On Friday, members of the School of Public Health at the University of California, Berkeley hosted a presentation on a recent Research study on a project for a public health insurance scheme, called “Golden Choice”. The plan is designed to increase market competition and improve affordability of coverage over time.
The study was led by school professor Richard Scheffler, PhD, Distinguished Professor Emeritus of Health Economics and Public Policy, and Steve Shortell, PhD, California Blue Cross Distinguished Professor of Politics and Management. Health and Dean Emeritus.
“Our proposal and our plan here is unique in that it builds on the foundations of the delegated model in California, where providers accept full or partial risk, and they get paid to do it – they accept a rate of capitation, which is generally risk-adjusted,” Scheffler said.
The Golden Choice plan would take advantage of California’s healthcare delivery system’s delegated risk model, which allows insurers to transfer some or all of the risk of healthcare delivery costs to medical groups and independent practice associations, or IPA.
According to the brief, which was released Friday morning, California medical groups and APNs have extensive experience operating under delegated risk models. These groups receive a risk-adjusted payment per member per month for each enrollee, which provides organizations with predictable cash flow to develop innovative models of care, while improving patient care.
While many state hospitals and physicians already accept full risk for the full cost of care, others only accept certain occupational risks or only fee-for-service payments. The brief results show that full-risk provider organizations have significantly lower total costs of care and higher quality of care scores than fee-for-service provider organizations.
Health care costs within the state have skyrocketed, with family premiums rising 251% from 2000 to 2021, during which time the average weekly wage has only increased 100%.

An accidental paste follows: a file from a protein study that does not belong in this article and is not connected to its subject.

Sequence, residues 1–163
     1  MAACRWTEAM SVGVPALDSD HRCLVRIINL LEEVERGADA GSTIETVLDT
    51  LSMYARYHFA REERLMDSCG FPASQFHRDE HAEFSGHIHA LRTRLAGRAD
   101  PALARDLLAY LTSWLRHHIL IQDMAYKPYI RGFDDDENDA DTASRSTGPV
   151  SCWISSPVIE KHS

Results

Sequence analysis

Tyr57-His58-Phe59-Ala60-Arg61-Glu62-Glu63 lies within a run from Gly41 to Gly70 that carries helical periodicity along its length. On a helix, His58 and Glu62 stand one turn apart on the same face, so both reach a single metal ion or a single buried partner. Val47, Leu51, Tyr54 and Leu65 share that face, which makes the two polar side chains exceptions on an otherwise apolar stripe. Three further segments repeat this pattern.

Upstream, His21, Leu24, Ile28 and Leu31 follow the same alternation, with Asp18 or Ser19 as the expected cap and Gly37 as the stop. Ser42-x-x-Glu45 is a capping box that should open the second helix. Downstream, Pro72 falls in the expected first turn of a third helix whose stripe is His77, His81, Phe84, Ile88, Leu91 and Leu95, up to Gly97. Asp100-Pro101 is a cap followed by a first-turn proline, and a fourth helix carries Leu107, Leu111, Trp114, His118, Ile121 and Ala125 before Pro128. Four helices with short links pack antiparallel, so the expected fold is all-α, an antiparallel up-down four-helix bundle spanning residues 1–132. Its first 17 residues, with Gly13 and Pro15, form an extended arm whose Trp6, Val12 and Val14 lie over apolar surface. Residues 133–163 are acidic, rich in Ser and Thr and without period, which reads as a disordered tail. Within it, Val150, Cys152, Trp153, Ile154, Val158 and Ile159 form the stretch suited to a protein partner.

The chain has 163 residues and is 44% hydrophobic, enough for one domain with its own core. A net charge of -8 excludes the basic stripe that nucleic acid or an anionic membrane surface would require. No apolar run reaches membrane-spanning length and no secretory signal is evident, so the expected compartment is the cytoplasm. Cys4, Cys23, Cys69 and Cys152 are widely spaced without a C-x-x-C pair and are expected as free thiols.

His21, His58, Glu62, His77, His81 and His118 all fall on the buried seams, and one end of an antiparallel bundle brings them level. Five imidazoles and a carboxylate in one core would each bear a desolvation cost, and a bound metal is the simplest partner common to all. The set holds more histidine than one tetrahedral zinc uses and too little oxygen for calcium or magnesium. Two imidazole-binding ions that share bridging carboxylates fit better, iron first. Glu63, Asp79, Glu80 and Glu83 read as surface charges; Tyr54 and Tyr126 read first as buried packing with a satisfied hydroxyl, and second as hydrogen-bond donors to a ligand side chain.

“The little story is that health insurance premiums, family premiums, grew two and a half times faster during that time than workers’ wages in California,” Scheffler said, adding that recent inflation n only made the problem worse. “Even with insurance, it often costs too much with copayments and deductibles.”
Scheffler cited a recent California Health Care Foundation study, which found that 52% of respondents skipped or postponed medical care due to cost. Additionally, 52% of low-income respondents reported having medical debt, compared to 28% for other populations.
“More than half of Latinos and nearly half of black people have medical debt, so you can see the deep disparities in how the health care system crosses populations,” Scheffler said.
In the study, researchers assessed the competitive impact of Golden Choice on insurance premiums within the 19 covered California health insurance markets and found that Golden Choice would have the lowest premiums in 14 of the 19 regions. The study also found that across these 14 regions, $243 million would be saved per year, which equates to $1,389 in savings per year per expected enrollee.
“We built a bounty based on IHA [Integrated Health Association] data to test this model in the 19 California regions covered,” Scheffler said.
To predict whether the public option would create competition with commercial plans, the researchers compared the cash premiums of the trading plans to the average total cost of care per member for Health Maintenance Organization enrollees in the database. IHA.
The researchers also increased the Golden Choice premium estimates by 5% and then 10%, which did not change the ranking of the plans. The prototype’s bounty turned out to be the second-lowest bounty on the exchange.
“In all three regions, they were second lowest,” Scheffler said. “As you know, it’s very important to be the lowest of the penultimate, because it matters where most of the entries go.”
During the presentation, Shortell noted that Golden Choice would have a substantial competitive impact on the cost of health insurance and the rate of premium growth in California. The research team has invited proposals from providers who wish to experiment with the Golden Choice public option and aims to connect with CalAIM, which seeks to advance and innovate Medi-Cal, in the future.